10 Common Mistakes That Prevent You From Being Happy and Healthy Today, Backed by Science
There are choices that you make every day, some of which seem completely unrelated to your health and happiness, that dramatically impact the way you feel mentally and physically.
With that said, here are 10 common mistakes that can prevent you from being happy and healthy, and the science to back them up.
1. Avoiding deep and meaningful connections (like marriage, close friendships, and staying in touch with family)
Ultimately, the human experience is about connecting with other people. Connection is what provides value and meaning to our lives. We’re wired for it and research proves just that.
For example, people with strong social ties. Additionally, it was found that as age increases, the . And it seems that friendships can even .
The benefits of deep relationships extend to marriage as well. Being in a long-term relationship. And found that marriage led to increased longevity while never marrying was the strongest predictor of premature death.
Finally, multiple studies (, , and ) show that strong family ties are one of the primary reasons the people of Okinawa, Japan have incredible longevity despite being one of the poorest prefectures in the country.
What do all of these different studies tell us?
Connection and belonging are essential for a healthy and happy life. Whether it’s friendship, marriage, or family — humans need close connections to be healthy.
For more about the connection between loneliness and health, I suggest reading the New York Times best-seller, which was written by my friend Dr. Lissa Rankin.
2. Sitting all day.
You might want to stand up for this. The internet has gone crazy overthat describes the harmful effects of sitting all day.
The short version is that “recreational sitting” like sitting in front of a TV screen increases your risk of cardiovascular disease and death, regardless of your physical activity. Obviously, sitting at a desk for work isn’t too good either.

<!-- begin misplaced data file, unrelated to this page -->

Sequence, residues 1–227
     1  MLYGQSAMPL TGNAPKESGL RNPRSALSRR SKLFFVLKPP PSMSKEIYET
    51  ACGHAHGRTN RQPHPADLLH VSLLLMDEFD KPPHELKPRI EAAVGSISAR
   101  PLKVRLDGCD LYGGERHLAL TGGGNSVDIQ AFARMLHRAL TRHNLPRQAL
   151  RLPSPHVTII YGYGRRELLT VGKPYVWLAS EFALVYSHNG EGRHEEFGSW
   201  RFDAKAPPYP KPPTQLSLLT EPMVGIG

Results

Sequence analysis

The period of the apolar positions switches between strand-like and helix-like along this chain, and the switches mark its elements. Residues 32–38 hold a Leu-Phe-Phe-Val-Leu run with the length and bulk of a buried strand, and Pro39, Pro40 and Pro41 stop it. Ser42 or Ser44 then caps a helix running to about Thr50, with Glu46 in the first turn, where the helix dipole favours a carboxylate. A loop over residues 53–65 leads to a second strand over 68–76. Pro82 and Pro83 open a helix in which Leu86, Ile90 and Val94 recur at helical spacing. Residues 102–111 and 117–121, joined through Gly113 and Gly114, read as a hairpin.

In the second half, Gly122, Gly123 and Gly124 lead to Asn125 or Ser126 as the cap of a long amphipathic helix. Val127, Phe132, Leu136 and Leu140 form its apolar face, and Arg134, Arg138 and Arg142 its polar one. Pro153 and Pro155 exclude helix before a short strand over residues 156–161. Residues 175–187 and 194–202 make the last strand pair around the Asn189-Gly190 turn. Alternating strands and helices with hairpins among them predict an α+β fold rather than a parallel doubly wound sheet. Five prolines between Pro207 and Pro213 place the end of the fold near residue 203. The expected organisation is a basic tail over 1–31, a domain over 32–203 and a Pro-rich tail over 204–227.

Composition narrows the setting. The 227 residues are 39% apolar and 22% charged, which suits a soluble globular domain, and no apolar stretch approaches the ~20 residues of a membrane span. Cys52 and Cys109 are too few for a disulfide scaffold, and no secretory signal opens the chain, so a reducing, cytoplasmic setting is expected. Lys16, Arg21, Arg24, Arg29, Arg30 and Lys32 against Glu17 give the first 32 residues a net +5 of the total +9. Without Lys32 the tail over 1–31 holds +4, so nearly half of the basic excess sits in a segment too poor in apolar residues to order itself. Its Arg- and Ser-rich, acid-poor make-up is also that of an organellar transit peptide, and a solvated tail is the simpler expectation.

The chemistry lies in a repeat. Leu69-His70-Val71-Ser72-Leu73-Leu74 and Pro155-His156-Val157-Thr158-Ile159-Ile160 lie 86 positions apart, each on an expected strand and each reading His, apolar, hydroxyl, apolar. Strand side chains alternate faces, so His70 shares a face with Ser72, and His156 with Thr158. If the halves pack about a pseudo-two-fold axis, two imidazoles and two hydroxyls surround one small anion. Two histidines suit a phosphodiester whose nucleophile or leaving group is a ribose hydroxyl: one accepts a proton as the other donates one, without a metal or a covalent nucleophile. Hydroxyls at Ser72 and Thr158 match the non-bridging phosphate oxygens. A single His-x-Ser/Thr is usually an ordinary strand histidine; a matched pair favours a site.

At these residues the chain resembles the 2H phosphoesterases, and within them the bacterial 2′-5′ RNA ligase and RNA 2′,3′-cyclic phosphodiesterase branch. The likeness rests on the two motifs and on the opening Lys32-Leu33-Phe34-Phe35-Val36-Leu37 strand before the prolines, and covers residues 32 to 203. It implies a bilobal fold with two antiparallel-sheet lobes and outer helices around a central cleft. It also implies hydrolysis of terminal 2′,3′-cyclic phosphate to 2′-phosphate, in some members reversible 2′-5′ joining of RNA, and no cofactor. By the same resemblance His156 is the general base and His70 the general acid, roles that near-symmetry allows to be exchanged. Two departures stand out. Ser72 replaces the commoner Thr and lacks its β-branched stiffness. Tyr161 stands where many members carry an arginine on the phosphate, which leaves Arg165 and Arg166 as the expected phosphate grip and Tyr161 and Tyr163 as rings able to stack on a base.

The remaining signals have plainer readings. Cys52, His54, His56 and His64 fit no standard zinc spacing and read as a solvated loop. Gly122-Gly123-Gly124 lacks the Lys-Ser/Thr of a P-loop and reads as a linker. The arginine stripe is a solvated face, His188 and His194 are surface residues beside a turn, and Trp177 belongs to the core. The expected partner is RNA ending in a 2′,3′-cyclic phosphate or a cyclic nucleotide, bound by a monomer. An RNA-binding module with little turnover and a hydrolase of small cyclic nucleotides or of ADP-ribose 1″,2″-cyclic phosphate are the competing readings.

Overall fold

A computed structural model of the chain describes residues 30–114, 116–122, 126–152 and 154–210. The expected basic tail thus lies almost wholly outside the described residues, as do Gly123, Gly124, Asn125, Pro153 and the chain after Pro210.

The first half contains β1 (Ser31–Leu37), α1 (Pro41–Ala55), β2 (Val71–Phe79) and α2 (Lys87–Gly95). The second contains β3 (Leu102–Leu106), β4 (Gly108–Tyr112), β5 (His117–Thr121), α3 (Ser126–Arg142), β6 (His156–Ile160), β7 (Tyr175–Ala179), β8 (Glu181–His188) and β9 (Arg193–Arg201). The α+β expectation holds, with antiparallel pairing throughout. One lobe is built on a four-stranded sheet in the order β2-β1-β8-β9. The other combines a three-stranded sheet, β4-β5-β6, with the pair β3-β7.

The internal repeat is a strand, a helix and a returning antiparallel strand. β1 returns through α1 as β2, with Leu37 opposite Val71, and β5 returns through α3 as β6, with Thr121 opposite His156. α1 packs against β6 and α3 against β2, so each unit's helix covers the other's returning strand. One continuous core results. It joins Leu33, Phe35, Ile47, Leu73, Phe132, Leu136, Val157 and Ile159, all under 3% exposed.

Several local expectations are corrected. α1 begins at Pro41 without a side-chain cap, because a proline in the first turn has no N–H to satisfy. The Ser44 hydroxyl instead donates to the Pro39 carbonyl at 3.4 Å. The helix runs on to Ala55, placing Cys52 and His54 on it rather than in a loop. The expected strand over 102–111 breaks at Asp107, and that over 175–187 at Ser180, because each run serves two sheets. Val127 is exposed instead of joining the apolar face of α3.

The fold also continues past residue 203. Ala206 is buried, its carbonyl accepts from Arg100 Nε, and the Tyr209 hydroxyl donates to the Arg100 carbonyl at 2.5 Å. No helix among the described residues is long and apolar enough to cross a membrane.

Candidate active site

This troubling data doesn’t come from small sample sizes either. These trends held true in one study with, , and a . If you’re looking for more details on the health risks of sitting, covers some of the basics.
3. Never stopping to just breathe.
A few years ago, I was speaking with a yoga instructor who told me, “I think people love my class because it’s the only time in their entire day when they just sit and breathe.”
That provides some interesting food for thought. From the time you wake up until the time you go to bed, do you ever take 15 minutes to just sit and breathe? I rarely do. And that’s a shame because the benefits of mindfulness and meditation are huge. Meditation. Meditation . Meditation has been shown to decrease anger and improve sleep, .
4. Not joining a religion — or otherwise becoming part of a community.
There is an interesting and growing body of medical research that has discovered the positive health effects of religion and spirituality. The science doesn’t necessarily say that there is anything inherently healthy about religion, but it’s all the by-products that come from practicing religion that can make a big difference.
For example, people with strong faith often release control of their struggles and worries to a higher power, which can help to relieve anxiety and stress. Religious groups also offer a strong source of community and friendships, which is critical for health and happiness. In many cases, the strength of friendships formed with fellow believers can last for decades, and those strong personal ties are crucial for long-term health.
If you don’t consider yourself to be a religious person, then the lesson to takeaway from this body of research is that we all need a sense of belonging and community in our lives. It’s important to share your beliefs (whatever they happen to be about) with a community of people. People who have a community like that to lean on find themselves happier and healthier than those who lack that type of support.